Former Miss USA Ali Landry got her big break as an actress thanks to her role as “The Doritos Girl” in a 30-second spot that aired during Super Bowl XXXII.
Her replacement should be ready in time for Super Bowl LXV.
Even Estela got in on the Doritos action!!! twitter.com/alilandry/stat…
— ali landry (@alilandry) January 4, 2013
Landry’s daughter, Estela Ines, 5, got her first taste of Doritos while her mom was filming the spot that announced this year’s five “Crash The Super Bowl” crowd-sourced finalists, which was taped at Our Beautiful Laundrette in Los Angeles last month and posted on YouTube on Friday.
Young Estela was hooked.
“She went with me when we shot the video. It was great because my first video took place in a Laundromat setting 15 years ago and now I was back with my daughter,” Landry told Playbook. “I let her have Doritos for the first time and that was it. By the end of the day, she had run around giving chips to everyone and was covered head-to-toe in nacho cheese. She’ll be doing the next commercial for Doritos. She fell in love with the chips.”
When she’s not being “The Doritos Girl,” a wife (to director Alejandro Monteverde), a mom (to Estela Ines and Marcelo Alejandro) or working on her acting and her child-fashion line, Landry, 39, is an avid runner. She ran her first marathon in Boston several years ago.
“I did it for the Boys & Girls Clubs. The people of Boston got me through it. During the race, I had to stop and use the restroom. Someone invited me inside her house. She wouldn’t let me use the Porta Potty. When I was done, she gave me a doughnut," she said. "I ended up finishing with the stragglers in the back and was exhausted. But I ran wearing a Red Sox jersey so a lot of people cheered me on.”
She also anchored an all-female triathlon team that finished first in its division in the Malibu (Calif.) Triathlon in September.
Landry has been an athlete since she played volleyball, performed gymnastics and was a cheerleader at Cecilia (La.) High School.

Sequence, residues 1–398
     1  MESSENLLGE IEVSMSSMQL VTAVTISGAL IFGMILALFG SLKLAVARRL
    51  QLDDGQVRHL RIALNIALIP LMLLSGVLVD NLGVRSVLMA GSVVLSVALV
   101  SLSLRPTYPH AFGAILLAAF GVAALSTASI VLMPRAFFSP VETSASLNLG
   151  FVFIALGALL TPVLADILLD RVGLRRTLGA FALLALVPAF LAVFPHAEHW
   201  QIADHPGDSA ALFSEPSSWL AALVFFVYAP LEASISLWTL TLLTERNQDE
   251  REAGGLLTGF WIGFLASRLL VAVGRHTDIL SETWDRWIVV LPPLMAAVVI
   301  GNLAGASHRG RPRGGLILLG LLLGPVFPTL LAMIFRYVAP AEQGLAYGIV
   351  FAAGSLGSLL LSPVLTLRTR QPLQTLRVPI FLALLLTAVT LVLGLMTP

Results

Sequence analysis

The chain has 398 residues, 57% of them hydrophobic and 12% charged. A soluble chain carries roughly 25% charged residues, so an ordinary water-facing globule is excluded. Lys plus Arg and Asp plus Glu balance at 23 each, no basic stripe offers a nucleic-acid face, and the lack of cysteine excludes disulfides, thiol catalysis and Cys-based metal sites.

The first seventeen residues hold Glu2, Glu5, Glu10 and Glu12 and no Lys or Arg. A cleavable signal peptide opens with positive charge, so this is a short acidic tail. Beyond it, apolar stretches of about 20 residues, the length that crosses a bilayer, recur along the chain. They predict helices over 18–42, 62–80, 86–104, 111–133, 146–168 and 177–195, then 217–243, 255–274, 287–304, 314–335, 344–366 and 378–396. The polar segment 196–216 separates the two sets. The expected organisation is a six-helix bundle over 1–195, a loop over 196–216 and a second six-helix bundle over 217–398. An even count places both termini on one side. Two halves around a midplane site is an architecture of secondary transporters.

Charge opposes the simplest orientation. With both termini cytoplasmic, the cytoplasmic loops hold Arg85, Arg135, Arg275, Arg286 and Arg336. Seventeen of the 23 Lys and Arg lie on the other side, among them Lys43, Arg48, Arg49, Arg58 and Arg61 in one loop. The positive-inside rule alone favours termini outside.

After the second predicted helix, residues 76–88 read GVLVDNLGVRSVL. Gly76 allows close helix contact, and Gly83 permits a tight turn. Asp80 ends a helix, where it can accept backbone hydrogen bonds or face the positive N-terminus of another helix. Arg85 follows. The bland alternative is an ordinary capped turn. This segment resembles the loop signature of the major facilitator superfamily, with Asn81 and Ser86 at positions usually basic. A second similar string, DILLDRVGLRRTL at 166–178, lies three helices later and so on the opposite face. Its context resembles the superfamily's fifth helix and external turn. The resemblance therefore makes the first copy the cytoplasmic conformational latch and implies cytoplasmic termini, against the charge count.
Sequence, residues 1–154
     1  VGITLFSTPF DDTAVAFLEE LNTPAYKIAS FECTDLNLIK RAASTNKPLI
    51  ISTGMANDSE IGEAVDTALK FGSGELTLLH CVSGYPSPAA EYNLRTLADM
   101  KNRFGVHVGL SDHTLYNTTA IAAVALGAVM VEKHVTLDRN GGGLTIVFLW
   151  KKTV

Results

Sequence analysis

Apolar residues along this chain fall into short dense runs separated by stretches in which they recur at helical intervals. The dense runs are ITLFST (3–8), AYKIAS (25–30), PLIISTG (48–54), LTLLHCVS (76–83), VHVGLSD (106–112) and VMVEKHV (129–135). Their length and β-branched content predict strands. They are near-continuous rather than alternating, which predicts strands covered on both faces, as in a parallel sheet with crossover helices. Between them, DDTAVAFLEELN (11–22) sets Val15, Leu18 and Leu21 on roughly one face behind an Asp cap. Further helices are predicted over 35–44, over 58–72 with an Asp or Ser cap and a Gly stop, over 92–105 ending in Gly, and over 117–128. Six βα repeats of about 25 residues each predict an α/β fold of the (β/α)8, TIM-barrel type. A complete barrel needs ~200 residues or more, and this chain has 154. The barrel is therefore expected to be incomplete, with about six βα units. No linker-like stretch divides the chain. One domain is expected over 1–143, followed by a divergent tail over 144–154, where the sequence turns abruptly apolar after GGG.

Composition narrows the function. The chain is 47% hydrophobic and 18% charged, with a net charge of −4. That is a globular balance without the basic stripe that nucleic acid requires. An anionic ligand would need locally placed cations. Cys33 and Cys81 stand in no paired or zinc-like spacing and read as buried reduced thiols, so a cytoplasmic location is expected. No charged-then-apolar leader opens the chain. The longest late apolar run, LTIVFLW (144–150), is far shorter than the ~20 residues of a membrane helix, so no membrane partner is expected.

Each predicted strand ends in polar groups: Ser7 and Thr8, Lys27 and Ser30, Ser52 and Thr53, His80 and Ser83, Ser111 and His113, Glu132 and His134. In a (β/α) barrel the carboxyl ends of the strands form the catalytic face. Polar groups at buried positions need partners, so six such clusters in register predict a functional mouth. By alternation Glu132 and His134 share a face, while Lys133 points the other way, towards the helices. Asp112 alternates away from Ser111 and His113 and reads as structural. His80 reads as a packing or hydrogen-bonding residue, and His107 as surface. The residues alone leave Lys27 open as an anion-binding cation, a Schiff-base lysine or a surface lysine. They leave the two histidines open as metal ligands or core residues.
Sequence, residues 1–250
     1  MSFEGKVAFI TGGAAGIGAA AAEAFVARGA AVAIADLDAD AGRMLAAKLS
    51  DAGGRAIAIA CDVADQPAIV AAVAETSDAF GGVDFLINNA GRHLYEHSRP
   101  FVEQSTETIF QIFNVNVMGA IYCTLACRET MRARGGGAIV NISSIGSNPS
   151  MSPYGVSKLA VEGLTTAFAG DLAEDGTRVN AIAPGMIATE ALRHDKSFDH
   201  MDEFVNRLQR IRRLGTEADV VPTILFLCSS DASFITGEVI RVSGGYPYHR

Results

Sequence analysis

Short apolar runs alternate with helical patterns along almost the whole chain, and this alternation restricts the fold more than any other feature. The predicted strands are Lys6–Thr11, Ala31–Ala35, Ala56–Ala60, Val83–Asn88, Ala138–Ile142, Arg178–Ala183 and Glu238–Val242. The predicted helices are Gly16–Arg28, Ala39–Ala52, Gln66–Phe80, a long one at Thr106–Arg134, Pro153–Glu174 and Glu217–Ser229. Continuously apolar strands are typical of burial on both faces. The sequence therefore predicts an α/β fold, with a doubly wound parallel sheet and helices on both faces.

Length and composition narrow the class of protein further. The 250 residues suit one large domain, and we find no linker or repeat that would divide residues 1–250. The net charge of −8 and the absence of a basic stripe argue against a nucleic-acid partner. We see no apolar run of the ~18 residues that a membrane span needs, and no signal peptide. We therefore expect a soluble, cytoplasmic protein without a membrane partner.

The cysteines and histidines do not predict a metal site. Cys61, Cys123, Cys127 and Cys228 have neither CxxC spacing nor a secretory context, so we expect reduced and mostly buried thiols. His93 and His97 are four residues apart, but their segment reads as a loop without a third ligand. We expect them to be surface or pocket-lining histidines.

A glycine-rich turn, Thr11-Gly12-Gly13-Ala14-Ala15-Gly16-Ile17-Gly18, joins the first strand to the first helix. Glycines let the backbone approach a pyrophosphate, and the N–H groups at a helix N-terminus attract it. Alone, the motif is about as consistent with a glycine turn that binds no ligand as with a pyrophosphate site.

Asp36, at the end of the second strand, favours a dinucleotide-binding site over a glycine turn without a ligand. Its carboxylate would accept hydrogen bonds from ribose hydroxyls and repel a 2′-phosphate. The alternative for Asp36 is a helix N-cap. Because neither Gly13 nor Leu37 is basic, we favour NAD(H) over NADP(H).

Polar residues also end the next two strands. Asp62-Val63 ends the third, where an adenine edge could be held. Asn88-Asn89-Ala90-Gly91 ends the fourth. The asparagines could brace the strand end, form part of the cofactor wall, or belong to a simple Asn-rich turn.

“I’ve always been very active and very competitive,” she said. Landry has climbed Mount Fuji in Japan, was a participant in “The Superstars” and even scaled a building on “Fear Factor.”
It was that athleticism that helped her land the role as the “The Doritos Girl” during her infamous “Laundromat” spot that aired in 1998.
That spot also featured Sean Hayes before his “Will & Grace” and “Up All Night” days. There was another ad shot in that series featuring Landry on a tennis court. During that shoot, a chip was glued to her forehead then ripped off using wire, with the action shown in reverse during the commercial. The process left her with a permanent scar.
No one was seriously injured while shooting this year’s five “Crash the Super Bowl” finalist commercials, two of which will air during Super Bowl XLVII on Feb. 3, 2013, on CBS. Voters will choose one via the Doritos Facebook page and Doritos representatives will pick the other. Fan voting ends Jan. 29.
The finalist whose ad scores highest on the USA Today Ad Meter Rankings will win the chance to work with director Michael Bay on the next “Transformers” movie.
If the ad scores No. 1 overall in the ad rankings, the filmmaker gets a $1 million bonus, second place is worth $600,000 and third $500,000. That would only be fitting since Landry’s career hit a jackpot of sorts after her spot appeared.
“A million dollars, can you imagine that?” she said. “My life changed overnight after my commercial aired. I bought my first house with Doritos. I worked for 10 straight years, non-stop before I stopped with the birth of my daughter. When I shot the commercial, I had no idea it would be in the Super Bowl or that people watched the Super Bowl for the commercials. I got a phone call right away offering me a record deal and thought it was hilarious that this was really happening.”
The five homemade “Crash the Super Bowl” finalist ads are (in alphabetical order by finalist last name):
• “Goat 4 Sale” by Ben Callner
• “Road Chip” by Tyler Dixon
• “Fashionista Daddy” by Mark Freiburger
• “Express Checkout” by Sasha Shemirani
• “Fetch” by Joe Taranto
“The first time I watched them, they were laugh-out-loud hilarious," she said. "I’m curious to see where the fans are going with this. They’re funny, witty and get to the point.”